Updated: March 15, 2012 9:30 a.m.
MASSDEVICE ON CALL — Stable heart disease patients were no better off with a stent with less-costly drug therapy in a recent study comparing the 2 treatments. *
Implanting a stent to prop open blocked arteries represents a more costly alternative that failed to improve outcomes in stable patients, according to researchers from the Stony Brook University Medical Center in New York.
"There was no benefit of stenting as far as reducing death, heart attack, repeat procedures and even reducing symptomatic angina," investigator Dr. David Brown told Today Online.
House Dems. call for more oversight of medical devices
House Democrats introduced a bill this month granting the FDA the power to reject devices with designs that predicate from products that were recalled, Bloomberg reported.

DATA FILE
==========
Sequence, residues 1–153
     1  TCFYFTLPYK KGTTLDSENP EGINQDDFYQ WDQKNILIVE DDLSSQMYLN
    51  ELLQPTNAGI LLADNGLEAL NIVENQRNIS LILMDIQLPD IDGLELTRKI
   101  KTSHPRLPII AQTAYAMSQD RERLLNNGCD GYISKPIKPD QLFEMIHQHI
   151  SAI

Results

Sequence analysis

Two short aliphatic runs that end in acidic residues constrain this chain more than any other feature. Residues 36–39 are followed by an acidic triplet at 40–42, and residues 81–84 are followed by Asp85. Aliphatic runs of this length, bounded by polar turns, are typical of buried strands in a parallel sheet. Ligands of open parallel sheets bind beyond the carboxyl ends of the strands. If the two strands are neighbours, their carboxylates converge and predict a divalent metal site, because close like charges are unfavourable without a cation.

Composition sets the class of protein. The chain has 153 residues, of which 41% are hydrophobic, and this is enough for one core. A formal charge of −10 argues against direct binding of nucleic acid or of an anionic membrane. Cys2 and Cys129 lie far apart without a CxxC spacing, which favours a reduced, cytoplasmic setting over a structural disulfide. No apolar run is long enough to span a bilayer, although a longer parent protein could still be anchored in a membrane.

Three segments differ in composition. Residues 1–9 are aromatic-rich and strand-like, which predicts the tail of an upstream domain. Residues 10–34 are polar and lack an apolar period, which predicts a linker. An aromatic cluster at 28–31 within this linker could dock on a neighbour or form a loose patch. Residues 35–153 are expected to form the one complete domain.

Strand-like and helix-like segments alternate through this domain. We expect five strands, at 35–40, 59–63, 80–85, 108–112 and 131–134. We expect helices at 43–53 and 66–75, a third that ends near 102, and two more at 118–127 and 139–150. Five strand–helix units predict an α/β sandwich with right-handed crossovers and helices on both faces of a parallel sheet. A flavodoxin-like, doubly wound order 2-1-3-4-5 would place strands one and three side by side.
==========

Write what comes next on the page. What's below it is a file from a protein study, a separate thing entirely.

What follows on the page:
Supreme Court keeps Kagan amid calls for recusal
The Supreme Court again denied calls for recusal of Justice Elena Kagan in the legal challenge against President Barack Obama’s health care laws, Law360.com (paid) reported.
FDA grants Jarvik Heart trials of destination therapy
Jarvik Heart won FDA approval to begin clinical trials of its Jarvik 2000 intraventricular heart assist device as a destination therapy for patients who are not candidates for heart transplant, according to a press release.
U.S. and European governments put the squeeze on bribes paid by companies overseas
The U.S. Foreign Corrupt Practices Act and the U.K.’s Bribery Act represent renewed vigor among governments to keep an eye on and put a stop to improper payments drug and device companies might make overseas, according to a Reuters special report.
*Correction, March 15, 2012: This article originally referred to the study’s patient population as heart attack patients, rather than stable heart disease patients.
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